Bone mineralisation (BMC) and density (BMD) in eumenorrheic ex-athletes. B. Raczyńska, G. Raczyński, B. Długołęcka, Halina Matusik, Roman Lorenc Biol Sport 2007; 24(3):241-254 ICID: 864845
Article type: Original article
IC™ Value: 9.36
Abstract provided by Publisher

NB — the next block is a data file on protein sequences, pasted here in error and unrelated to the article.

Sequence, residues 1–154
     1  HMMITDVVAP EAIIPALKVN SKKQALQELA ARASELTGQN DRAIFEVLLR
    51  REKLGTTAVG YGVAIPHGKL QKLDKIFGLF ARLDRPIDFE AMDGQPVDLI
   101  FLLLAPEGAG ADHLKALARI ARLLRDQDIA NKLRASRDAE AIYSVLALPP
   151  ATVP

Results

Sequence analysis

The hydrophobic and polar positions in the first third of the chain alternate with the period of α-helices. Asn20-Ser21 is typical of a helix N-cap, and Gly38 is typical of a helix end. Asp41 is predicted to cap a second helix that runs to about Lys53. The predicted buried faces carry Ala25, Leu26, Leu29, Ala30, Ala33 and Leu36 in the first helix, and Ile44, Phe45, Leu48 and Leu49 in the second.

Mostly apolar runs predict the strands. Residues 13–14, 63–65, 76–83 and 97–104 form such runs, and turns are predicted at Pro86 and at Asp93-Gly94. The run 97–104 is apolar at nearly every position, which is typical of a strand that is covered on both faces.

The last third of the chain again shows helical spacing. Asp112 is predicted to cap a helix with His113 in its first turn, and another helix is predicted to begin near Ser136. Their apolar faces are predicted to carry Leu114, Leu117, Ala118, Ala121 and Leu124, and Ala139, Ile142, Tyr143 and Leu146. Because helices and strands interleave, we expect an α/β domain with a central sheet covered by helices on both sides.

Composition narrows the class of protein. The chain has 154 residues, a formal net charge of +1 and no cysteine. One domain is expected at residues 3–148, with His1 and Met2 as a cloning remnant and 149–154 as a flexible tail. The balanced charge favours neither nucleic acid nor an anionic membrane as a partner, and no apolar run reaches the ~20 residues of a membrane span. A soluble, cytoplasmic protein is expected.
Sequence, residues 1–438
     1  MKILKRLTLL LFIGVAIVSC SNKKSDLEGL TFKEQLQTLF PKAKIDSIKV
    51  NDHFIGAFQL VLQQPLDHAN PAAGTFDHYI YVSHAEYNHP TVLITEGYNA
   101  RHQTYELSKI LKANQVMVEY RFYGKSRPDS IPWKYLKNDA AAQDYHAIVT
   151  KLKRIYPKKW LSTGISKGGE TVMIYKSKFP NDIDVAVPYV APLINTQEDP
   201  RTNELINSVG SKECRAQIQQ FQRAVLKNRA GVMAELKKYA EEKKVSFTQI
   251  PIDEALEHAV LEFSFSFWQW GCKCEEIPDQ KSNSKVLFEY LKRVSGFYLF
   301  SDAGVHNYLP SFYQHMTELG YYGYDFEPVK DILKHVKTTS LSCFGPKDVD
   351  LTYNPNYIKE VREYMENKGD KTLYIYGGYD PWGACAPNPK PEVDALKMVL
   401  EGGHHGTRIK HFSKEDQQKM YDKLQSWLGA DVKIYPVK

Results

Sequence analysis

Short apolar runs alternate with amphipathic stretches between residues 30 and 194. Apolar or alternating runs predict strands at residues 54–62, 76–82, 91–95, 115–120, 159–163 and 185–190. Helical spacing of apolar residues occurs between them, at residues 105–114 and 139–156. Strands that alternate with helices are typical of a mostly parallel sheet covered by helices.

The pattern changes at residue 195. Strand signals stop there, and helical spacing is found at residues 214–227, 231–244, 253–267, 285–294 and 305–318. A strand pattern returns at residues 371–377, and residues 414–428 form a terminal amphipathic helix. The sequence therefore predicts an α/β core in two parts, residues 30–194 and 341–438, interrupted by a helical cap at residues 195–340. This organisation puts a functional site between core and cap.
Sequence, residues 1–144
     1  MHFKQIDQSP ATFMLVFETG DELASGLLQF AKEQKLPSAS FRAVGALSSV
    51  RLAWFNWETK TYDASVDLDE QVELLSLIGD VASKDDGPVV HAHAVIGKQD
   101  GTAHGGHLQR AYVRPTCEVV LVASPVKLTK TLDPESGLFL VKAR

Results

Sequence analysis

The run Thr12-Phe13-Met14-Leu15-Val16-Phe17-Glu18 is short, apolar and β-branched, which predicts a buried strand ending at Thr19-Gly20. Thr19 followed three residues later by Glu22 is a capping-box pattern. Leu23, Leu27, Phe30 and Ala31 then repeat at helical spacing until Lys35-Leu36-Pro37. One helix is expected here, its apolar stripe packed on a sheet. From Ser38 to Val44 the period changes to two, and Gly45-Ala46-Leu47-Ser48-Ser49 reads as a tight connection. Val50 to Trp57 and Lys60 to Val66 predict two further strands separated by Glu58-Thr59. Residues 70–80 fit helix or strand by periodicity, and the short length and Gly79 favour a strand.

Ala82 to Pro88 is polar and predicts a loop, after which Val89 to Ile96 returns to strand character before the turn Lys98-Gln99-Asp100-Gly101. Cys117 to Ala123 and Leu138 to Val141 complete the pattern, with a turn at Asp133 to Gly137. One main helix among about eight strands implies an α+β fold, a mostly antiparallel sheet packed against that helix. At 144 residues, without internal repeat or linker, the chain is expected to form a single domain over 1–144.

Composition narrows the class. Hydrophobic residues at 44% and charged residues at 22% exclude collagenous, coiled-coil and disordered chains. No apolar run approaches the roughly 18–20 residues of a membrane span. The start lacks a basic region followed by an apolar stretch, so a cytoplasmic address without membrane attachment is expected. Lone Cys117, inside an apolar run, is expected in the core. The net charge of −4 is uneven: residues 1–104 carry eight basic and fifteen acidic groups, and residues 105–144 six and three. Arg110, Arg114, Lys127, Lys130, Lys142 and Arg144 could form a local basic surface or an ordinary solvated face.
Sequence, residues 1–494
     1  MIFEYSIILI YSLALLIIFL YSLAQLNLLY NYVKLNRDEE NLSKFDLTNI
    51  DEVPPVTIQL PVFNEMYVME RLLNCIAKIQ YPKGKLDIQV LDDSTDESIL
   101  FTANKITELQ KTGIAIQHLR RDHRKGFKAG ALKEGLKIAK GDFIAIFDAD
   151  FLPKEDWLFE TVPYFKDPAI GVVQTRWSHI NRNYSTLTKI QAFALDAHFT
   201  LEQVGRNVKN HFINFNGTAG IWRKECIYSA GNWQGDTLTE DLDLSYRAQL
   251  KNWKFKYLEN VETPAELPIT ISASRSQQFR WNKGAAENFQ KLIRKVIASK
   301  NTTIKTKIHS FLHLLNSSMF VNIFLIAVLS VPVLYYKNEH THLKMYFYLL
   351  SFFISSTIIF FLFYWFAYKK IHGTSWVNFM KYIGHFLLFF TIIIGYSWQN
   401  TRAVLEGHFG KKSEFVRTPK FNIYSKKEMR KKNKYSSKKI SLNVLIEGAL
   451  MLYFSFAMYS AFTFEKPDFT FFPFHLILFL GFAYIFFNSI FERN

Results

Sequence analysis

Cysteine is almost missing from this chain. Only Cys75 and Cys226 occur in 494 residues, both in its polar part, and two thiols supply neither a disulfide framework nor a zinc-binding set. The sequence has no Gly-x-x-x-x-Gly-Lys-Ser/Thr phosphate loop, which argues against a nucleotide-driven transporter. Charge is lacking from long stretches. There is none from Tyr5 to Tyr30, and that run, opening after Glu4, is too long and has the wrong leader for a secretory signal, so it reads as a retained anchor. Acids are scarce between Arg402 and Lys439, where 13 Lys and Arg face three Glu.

The aim of the study was to assess bone mineral content (BMC;g) and bone mineral density (BMD; g/cm2) of healthy, regularly menstruating women aged 18–40 years, who discontinued their sport career and to compare them with age–matched controls. The group included ex-swimmers (n=11), ex-rowers (n=8) and ex-judoists (n=7). They were compared with control women, never engaged in sports (n=23), matched by age. Questionnaires were used to collect data regarding sport activities in the past and physical activities at present, ovarian function as well as past and present nutrient intake. BMC and BMD were determined in the lumbar spine (L2–L4) by DXA. Bone stiffness was determined for the calcaneal bone by ultrasonography. All measurements were conducted twice, 12 months apart. Present physical activity was reportedly highest in ex-rowers, 4 of whom rated it as high, while none of the ex-swimmers declared that rating. Irregular menstrual cycles during the sport career were reported by 4 ex-swimmers, 2 ex-judoists and one ex-rower, the latter complained of secondary amenorrhoea lasting 9 months. Calcium intake in ex- swimmers, ex-judoists and ex-rowers amounted to 548±166, 735±286 and 823±269 mg/day i.e. 50, 92 and 103% of the RDA for Poland, respectively. Significance of high BMC without higher BMD was noted for ex-rowers, who differed significantly from both other ex-athletic groups and from the control subjects. Neither BMD nor bone stiffness differed significantly between any groups. All those observations were confirmed on second examination .It was concluded that a long-lasting sport career, and the associated high training loads, did not affect the present BMD in ex-athletes, in the absence of other osteoporosis risk factors (hormonal and/or dietary disorders) in the past.